Today UK Parliament will discuss and vote on the alternatives to Brexit. This will no doubt bring volatility into the markets and have investors waiting on the side lines for more information. Bigger picture the talks of a global slowdown are increasing (the bond market is starting to take notice) which isn't being fully reflected in the stock market as of now. Equities did have a series of declines as markets started to factor in the dovish Fed comments as being pre-emptive over accommodative. The fixed income market might be telling us that more trouble is on the horizon.
The US treasury curve has inverted seeing the 6mo and shorter yields higher than the longer dated yields, out to the 10yr. This inversion makes many investors nervous about the future economic prospects because so many are willing to get less return for longer protection of their money. As we have seen in the past an inversion denotes fear, fear brings an increase in savings and less investment, and less investment brings a slowdown. The issue is more in the timing of these events and the severity. For investors this is a good time to get your cash ready to deploy as the fear of the slowdown starts to become self fulfilling. In deploying cash, this means paring back on some investments that have had good rallies in the past few months and possibly not rolling over longer term bonds that you may have maturing. I wouldn't recommend a total liquidation in your portfolio (probably ever) as over the long term staying invested is the best way to capture long term returns. This is more a move to re-allocate over the coming months or year.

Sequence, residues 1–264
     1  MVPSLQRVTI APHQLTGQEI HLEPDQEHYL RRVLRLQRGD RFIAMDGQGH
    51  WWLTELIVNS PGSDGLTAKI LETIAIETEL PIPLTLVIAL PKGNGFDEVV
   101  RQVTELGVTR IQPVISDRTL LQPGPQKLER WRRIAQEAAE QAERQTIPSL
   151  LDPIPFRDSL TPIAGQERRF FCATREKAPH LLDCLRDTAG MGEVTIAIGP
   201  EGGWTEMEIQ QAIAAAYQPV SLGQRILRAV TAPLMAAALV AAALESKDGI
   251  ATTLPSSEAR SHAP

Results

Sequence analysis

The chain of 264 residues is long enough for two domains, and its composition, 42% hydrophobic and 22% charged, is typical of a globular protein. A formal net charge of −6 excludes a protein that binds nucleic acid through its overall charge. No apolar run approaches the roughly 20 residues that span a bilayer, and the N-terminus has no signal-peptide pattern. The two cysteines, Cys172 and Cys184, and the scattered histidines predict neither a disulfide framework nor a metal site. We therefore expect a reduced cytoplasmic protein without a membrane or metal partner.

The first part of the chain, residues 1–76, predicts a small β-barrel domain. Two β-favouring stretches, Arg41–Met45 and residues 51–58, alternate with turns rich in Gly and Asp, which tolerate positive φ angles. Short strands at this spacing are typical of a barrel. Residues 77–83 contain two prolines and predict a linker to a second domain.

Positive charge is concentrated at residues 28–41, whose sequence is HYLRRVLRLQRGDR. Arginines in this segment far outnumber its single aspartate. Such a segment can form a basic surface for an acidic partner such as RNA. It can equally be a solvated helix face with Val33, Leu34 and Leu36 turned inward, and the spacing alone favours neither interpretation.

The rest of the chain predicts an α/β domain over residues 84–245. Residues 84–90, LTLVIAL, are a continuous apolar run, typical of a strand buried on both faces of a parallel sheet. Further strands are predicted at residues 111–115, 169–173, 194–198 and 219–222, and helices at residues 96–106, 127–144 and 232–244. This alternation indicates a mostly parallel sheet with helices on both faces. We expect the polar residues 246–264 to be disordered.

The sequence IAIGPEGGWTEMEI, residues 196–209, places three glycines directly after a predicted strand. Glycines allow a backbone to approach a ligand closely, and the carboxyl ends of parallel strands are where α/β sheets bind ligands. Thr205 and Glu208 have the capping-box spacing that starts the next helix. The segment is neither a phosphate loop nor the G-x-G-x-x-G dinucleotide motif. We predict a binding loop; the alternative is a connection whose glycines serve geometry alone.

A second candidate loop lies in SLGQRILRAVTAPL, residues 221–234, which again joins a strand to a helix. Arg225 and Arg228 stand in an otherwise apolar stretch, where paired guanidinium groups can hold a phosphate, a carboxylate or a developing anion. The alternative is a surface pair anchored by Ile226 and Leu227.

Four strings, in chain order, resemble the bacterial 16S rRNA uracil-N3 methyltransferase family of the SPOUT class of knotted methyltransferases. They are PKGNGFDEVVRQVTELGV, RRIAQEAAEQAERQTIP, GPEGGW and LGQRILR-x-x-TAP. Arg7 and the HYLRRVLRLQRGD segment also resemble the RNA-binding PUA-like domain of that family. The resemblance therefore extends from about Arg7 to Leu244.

In Europe there are larger factors at work. The Fear of Brexit is at the center of everyone's mind and looking longer term, the outlook doesn't get much better. The data coming out of the Euro area is pointing to a steady decline in economic activity. This is bringing up some of the fears that have plagued the region during the crisis in 2011/12. s you ca see with German bunds (the safe haven of the Eurozone) investors are willing to pay a small price to protect their money, for up to 10 years. The ECB has been a contributor to this trend by pledging to keep rates the same until at least the end of 2020 and to continue to buy assets under their purchase program (of which there aren't enough German bunds to buy at reasonable prices). The sectors that are hit by these declining economic conditions in the EU are banks and industrials. Longer term I want to buy into these sectors, but cooler heads must prevail. Industrials can offer some decent yields, and would be easier to buy and hold through a rough patch. The banking sector will need to strengthen its capital structures and eliminate the fears of sovereign debt risks before they start to look attractive. Moving higher up the capital structure might be a better option in the near term, looking for preferred shares or bonds of financials companies. The key here is patience, as in the US market, it is good to have cash on hand and wait for opportunities to buy into good companies being sold off as liquidity becomes more valuable.